Developer engagement..

Following my recent posts covering application security and patching, another recent hot topic of conversation has been around developer engagement.  Specifically how to ensure developers are fully engaged in the secure development process.

Much like many current patching processes an issue with a lot of secure development programs is that they are still very ‘push’ focussed.

This approach can be successful, especially for organisations with less security maturity.  I have personally seen great uptake in the use of secure development tools and processes through my current teams work.  However while taking the ‘push’ approach can dramatically improve your application security processes, it does have limitations.

These limitations include;

  • It is very resource intensive for the Security Team – they constantly have to ‘push’ to get developers using the tools and processes and on-boarding new applications and developers etc.
  • It can lead to a culture of secure development being the responsibility of the security team rather than the development teams – a culture of taking rather than owning security
  • Things, including entire applications can be missed.  The security team can struggle to know every application and development project that is in the environment if the onus is on them to push security to every application.  This is especially true in more complex, multinational organisations
  • This focus can also lead to dissatisfaction and higher churn in your security team as you will have skilled application security professionals spending large amounts of their time on-boarding developers and applications, and chasing development teams to understand what is being worked on

So, how can we fix this and ensure the secure development practices from training through threat modelling and code reviews are embedded into the development process?

If you read my post on patching, my key thought will not surprise you!  Developers and development teams need to have responsibility for secure development as one of their key objectives.

This is a fundamental shift in culture and responsibilities.  In order to be successful you’ll need to work to drive support from executives as well as the development teams and their managers.  However if you can enable this culture shift, you will have made a huge difference to the uptake and success of your application security programme.

This shift will change the responsibility for ensuring developers are enrolled on the training platform and added to the code analysis tooling into the development teams.  It will also drive the use of the security tooling as one of their key objectives.  There are two key benefits of this approach;

  • Coverage; The development teams and their management will be bought into the benefits and requirements for security.  This will drive the use of security tools and processes for all in scope developers and applications.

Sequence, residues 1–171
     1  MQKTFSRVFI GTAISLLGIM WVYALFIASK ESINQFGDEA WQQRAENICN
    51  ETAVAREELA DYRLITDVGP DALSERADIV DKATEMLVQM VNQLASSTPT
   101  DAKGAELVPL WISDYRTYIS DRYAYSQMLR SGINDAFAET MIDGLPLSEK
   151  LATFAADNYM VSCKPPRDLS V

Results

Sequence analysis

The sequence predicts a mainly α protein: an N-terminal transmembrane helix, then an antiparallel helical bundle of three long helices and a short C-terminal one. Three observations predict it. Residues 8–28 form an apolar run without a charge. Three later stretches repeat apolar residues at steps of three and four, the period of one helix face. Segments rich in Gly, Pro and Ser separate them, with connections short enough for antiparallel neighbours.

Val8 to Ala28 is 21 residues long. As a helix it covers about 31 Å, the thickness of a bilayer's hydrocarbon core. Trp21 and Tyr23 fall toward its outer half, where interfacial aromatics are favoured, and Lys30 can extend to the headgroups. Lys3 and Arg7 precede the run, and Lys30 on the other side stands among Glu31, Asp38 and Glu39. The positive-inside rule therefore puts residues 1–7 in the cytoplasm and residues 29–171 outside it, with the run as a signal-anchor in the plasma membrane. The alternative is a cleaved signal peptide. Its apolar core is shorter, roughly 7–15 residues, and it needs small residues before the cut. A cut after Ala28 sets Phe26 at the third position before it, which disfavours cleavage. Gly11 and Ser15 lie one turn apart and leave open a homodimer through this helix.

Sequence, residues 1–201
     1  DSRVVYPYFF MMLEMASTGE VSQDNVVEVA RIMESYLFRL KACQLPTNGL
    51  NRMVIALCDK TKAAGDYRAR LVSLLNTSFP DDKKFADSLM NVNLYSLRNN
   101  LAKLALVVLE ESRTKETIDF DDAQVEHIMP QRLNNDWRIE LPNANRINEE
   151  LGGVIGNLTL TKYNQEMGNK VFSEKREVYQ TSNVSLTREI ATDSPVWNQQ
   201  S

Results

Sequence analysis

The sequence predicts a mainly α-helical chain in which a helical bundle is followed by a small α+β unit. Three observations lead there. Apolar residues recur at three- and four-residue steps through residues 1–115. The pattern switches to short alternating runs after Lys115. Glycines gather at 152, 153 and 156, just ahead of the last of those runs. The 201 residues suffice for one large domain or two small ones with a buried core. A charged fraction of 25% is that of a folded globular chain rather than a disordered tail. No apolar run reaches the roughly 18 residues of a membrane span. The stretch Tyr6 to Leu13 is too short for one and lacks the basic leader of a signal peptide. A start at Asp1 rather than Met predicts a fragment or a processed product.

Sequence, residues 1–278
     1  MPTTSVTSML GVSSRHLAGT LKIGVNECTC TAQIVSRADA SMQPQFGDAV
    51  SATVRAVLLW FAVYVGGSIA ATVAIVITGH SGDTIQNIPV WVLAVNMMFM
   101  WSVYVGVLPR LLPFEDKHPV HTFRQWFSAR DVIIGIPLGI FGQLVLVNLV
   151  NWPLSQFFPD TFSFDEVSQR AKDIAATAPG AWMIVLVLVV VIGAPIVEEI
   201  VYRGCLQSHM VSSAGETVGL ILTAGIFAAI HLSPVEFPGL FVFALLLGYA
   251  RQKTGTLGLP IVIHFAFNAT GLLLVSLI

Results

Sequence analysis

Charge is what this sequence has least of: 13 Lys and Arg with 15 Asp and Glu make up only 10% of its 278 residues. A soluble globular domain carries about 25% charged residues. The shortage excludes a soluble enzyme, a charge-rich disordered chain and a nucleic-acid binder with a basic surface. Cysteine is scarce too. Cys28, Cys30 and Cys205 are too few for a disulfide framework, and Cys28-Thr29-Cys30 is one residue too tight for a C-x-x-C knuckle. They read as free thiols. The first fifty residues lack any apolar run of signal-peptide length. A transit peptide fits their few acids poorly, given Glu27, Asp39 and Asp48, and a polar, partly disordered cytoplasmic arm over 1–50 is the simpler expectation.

• Enterprise security can focus on security.  The skilled application security specialists in your team will now be able to focus much more on working with the development teams to support secure design and coding.  The secondary benefit of this is that your team will be more engaged doing the work they want to rather than chasing developers to on-board them and their applications!

The second thing I would recommend to support this approach is the creation of ‘security champions’ within the various development teams.  This would likely not be a distinct role, but rather existing developers who ideally have an abiding interest in security.

These roles will have the responsibility of having a strong understand of the required security processes and tooling, along with fostering a close working relationship with the application security team in enterprise security.  These roles could also help with the development of secure coding guidelines and ensuring the application security team understand the way the developers work and challenges they face.

To support the role and working relationship, security champions having ‘dotted line’ reporting to the application security director (or equivalent) should be considered.

The final piece of the puzzle is to ensure your application security team understands the various development processes in use across your organisation.  While the same level of engagement, similar tooling and processes will be used regardless, how they are applied is likely to vary considerably across different development and support styles.

To be successfully integrated the application security team must consider how to best integrate with Waterfall, the various ‘flavours’ of Agile, DevOps etc.  While you do not want a million different processes you’ll likely need a few to cope with the different development and project processes.

If it is not yet in place for your organisation, a good starting point for the SDL (Secure Development Lifecycle) and the steps it should contain is the Microsoft SDL

https://www.microsoft.com/en-us/sdl/

To help you consider variations of your process for different methodologies they also have an agile version;

https://www.microsoft.com/en-us/SDL/Discover/sdlagile.aspx

Let me know what you think of these ideas, and how you get on with implementing them on your organisation, if you are not doing so already!

K

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